Environmentalist investors named nine companies to a "Climate Watch List" and said they are lagging their peers when it comes to addressing climate change. Seven of the nine are in the energy industry.
According to the Ceres investor coalition and the Interfaith Center on Corporate Responsibility, the offenders are:
"Companies in every industry, especially energy sectors, must assess and mitigate climate change risks," said New York City Comptroller William Thompson Jr., whose office oversees $115 billion in pension fund assets and filed resolutions with electric power and coal companies. "Investors require full and transparent disclosure of the actions companies are taking to address the risks and opportunities of climate change, so that they can make informed investment decisions."
Chevron was named to the list for its extensive investments in Alberta' oilsands and for resisting shareholder requests to disclose potential financial risks associated with the project that encompasses millions of acres, the groups said.
The New York City Pension Funds filed a resolution with Consol Energy requesting a report on how the company is responding to regulatory and competitive pressure to reduce greenhouse gas (GHG) emissions.
ExxonMobil has been unresponsive to investor requests for a decade regarding strategies intended to meet growing demand for diversified clean energy sources, the groups said. Four climate resolutions were filed this year. The company also has been the target of multiple attempts by the Rockefeller family to get it to reduce GHG emissions (see NGI, June 2, 2008). John D. Rockefeller was the founder of Standard Oil, a predecessor company to ExxonMobil. The latest attempt, launched last week, seeks to force the company to assess the impact on climate change were it to become a leader in renewable energy.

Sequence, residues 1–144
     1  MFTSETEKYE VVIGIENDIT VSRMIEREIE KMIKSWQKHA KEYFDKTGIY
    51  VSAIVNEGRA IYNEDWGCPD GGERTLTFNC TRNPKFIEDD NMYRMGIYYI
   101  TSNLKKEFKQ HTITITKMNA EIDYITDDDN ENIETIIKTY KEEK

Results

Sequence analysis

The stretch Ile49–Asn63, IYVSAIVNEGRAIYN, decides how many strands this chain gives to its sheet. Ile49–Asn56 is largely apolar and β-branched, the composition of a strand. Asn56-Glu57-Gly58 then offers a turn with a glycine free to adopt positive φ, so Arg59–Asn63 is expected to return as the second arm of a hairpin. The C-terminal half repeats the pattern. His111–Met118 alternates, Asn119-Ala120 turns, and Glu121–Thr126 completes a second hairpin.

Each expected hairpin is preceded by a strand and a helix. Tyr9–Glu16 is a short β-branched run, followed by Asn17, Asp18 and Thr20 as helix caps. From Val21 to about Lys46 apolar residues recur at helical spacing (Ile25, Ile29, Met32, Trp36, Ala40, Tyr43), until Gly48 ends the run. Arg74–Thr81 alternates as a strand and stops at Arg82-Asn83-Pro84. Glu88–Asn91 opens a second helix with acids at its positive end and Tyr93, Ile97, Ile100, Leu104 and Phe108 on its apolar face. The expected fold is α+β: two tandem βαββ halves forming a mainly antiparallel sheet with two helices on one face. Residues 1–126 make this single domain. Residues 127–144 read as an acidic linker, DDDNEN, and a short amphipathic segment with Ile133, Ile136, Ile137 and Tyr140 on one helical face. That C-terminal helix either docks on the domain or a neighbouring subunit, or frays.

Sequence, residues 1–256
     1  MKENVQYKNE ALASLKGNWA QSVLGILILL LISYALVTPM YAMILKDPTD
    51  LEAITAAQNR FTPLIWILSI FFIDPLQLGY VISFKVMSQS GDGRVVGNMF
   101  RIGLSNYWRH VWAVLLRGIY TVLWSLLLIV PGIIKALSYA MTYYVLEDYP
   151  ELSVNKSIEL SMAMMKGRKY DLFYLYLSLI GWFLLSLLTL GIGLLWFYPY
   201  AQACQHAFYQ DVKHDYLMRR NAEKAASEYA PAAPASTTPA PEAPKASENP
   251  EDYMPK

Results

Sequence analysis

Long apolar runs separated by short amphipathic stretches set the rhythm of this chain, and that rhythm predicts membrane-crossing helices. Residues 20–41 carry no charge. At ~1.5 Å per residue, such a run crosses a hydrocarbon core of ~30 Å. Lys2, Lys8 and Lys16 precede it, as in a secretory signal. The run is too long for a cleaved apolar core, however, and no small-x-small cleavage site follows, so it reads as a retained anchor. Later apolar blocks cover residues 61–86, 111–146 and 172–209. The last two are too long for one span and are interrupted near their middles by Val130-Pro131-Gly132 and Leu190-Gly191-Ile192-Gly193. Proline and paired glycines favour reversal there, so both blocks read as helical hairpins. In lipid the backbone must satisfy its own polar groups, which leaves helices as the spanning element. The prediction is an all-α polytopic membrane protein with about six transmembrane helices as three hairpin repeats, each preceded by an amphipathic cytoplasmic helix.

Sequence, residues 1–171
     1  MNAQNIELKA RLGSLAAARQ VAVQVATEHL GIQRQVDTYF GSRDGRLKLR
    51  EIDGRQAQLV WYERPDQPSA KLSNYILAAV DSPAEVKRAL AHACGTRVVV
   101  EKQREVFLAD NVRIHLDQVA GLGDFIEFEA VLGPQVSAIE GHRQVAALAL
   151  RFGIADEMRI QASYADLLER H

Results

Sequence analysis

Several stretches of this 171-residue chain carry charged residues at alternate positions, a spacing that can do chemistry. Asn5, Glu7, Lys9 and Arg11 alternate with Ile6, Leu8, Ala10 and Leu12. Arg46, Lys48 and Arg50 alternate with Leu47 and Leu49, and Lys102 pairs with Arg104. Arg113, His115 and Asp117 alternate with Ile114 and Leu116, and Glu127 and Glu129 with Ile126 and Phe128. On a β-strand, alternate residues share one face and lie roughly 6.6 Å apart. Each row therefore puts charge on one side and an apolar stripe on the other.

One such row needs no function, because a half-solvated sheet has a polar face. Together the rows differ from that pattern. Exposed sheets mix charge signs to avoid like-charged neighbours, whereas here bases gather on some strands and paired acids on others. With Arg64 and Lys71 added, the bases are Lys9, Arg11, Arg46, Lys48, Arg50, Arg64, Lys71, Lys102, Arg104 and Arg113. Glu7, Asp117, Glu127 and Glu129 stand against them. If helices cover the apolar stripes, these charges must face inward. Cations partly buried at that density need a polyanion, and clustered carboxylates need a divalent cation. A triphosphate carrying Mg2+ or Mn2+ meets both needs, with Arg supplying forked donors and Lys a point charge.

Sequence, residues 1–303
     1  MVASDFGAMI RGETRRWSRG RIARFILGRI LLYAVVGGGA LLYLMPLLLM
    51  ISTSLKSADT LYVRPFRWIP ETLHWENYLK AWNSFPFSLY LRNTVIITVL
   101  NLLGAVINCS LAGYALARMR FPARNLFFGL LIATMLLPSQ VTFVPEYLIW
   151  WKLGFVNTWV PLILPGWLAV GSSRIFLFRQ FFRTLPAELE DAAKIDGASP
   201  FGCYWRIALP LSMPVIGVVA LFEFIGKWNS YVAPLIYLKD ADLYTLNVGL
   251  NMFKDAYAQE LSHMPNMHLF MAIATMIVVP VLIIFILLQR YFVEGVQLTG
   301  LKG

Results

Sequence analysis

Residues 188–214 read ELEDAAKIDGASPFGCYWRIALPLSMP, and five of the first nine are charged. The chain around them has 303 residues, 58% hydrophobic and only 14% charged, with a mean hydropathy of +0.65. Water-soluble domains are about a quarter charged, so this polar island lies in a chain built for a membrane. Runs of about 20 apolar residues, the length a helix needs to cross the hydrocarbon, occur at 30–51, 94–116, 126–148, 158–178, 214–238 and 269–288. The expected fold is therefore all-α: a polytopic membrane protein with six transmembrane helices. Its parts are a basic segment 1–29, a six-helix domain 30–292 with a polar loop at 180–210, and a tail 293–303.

Massey Energy continues to resist shareholder resolutions requesting the company develop and disclose a strategy for responding to climate change, the groups said.Canadian Natural Resources has refused to meet with investors on the issue of climate change, and, unlike other oil companies, it has not made any renewable energy investments, the groups said.
Southern Company emits more than 160 million tons of carbon dioxide emissions a year and has balked at shareholder resolutions the past several years asking it to set GHG reduction targets, the groups said.
Ultra Petroleum has resisted shareholder requests the past three years to disclose its strategies for addressing climate change, despite relatively strong shareholder voting support, the groups said.
Additionally, in the energy sector climate change resolutions were filed with coal companies Alpha Natural Resources, Foundation Coal and International Coal; electric power providers Dominion, Dynegy, Idacorp, Mirant and NV Energy; and oil and gas companies ConocoPhillips, Halliburton, Noble Energy, Oneok, Range Resources, South Jersey Industries and Spectra Energy.
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